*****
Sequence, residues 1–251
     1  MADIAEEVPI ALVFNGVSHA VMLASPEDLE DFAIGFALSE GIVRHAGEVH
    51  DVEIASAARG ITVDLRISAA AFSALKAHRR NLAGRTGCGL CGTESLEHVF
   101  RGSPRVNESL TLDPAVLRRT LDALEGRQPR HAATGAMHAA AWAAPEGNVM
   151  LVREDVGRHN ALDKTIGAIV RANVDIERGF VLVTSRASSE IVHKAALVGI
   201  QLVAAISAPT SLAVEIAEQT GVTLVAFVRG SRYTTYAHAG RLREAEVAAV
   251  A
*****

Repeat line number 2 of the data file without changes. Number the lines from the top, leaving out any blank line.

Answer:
     1  MADIAEEVPI ALVFNGVSHA VMLASPEDLE DFAIGFALSE GIVRHAGEVH